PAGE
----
If you are a high profile target and you are afraid of someone hacking your smartphone through a zero-day in your Wi-Fi chipset firmware or a WebKit/Blink zero-day using the sign-up page: alright, turn it off, but you should probably do that with the rest of your network as well in that case. People have been infected with Pegasus using an SMS.

There is nothing wrong with avoiding Wi-Fi if you have the luxury of unlimited cellular data. But don’t avoid it for security reasons.

What about DNS?

Classic DNS connections are indeed in plain text sent over the network. But does this matter? Users mostly use DNS to look up A records for a webhost, which uses TLS. An attacker could do something with cache poisoning, but with TLS, this is irrelevant because the (server) enpoint still needs to prove that they own the certificate. But nowadays, browsers are switching or have already switched to DNS over HTTPS, DoH for short. This can also help with the usage of encrypted SNI, but that only matters for website that are deployed using a CDN, because the IP address is enough metadata to identify what website is being connected to.

Own infrastructure

Running your own public access point can however be tricky in a legal sense. It differs between jurisdictions, but you might be liable for the traffic that originates from your IP adress(es), which could cause problems with your local law enforcement agency. Use a strong WPA passphrase on your home Wi-Fi and use the guest feature with temporary accounts if that is available. Try to avoid using the router provided by your ISP, who generally have terrible security. Use a supported and updated build of OpenWrt.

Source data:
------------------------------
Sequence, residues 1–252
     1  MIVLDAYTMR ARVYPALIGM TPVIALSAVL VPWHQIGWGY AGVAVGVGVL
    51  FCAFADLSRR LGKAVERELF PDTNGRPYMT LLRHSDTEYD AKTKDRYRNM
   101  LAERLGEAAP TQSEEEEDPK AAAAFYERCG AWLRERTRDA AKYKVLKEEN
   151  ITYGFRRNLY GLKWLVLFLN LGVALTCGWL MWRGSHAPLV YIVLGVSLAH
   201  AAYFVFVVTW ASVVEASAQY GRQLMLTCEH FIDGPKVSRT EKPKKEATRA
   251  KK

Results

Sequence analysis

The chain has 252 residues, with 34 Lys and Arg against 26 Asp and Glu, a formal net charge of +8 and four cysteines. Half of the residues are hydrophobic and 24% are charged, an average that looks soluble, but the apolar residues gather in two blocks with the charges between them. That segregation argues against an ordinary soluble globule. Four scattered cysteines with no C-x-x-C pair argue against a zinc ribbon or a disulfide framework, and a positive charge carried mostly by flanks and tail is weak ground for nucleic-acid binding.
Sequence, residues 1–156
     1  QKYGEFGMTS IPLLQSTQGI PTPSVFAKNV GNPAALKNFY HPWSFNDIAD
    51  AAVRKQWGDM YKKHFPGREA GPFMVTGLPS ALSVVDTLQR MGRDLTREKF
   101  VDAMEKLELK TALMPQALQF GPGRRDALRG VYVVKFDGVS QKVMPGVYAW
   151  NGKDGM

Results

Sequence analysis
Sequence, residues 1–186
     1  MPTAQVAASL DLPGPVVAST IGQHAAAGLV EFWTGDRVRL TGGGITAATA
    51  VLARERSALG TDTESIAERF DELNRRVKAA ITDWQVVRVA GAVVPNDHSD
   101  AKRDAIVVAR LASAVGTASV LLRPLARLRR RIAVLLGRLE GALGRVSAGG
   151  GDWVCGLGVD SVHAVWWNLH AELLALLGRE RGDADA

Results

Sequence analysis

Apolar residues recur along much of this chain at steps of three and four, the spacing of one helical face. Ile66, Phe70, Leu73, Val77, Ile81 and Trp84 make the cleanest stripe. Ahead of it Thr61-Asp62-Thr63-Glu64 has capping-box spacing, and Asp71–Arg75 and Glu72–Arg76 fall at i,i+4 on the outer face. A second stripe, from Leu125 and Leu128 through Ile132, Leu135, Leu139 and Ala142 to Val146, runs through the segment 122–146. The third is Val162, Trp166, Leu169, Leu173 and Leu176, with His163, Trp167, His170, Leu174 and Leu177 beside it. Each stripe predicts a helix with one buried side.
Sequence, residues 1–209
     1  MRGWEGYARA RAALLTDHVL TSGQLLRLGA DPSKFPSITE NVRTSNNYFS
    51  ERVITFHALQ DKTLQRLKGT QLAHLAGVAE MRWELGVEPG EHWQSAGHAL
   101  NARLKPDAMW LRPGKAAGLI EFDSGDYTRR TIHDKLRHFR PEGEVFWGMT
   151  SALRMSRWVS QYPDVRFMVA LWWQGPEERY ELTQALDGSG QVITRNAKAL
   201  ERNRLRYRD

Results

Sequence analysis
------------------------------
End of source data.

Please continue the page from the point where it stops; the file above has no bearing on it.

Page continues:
If you are running a website: please deploy HTTPS with HSTS (be careful with this, especially preloading), this protects users on untrusted networks, including public Wi-Fi.

Public USB

Slightly related issue: public USB. Some public transportation companies do convienently provide USB charging in vehicles. Some security people have warned against this, because it would make people vulnerable to data theft for a variety of reasons. These include the automounting of mass storage, enablement of the debugging interface or bugs in the USB stack of the kernel. This is true to some degree (unauthenticated debugging and automounting are only happening on currently unsupported Android versions), but similar to attacks on public Wi-Fi very unlikely. Don’t worry and charge your phone. Other, more likely to happen, bad stuff could get much more worse really quickly if you walk around with an empty phone.

About

Written and published by Eloy Degen on a public Wi-Fi network. Released under the CC0 license in 2022. See something crucial that is missing? PRs welcome at the GitLab repo.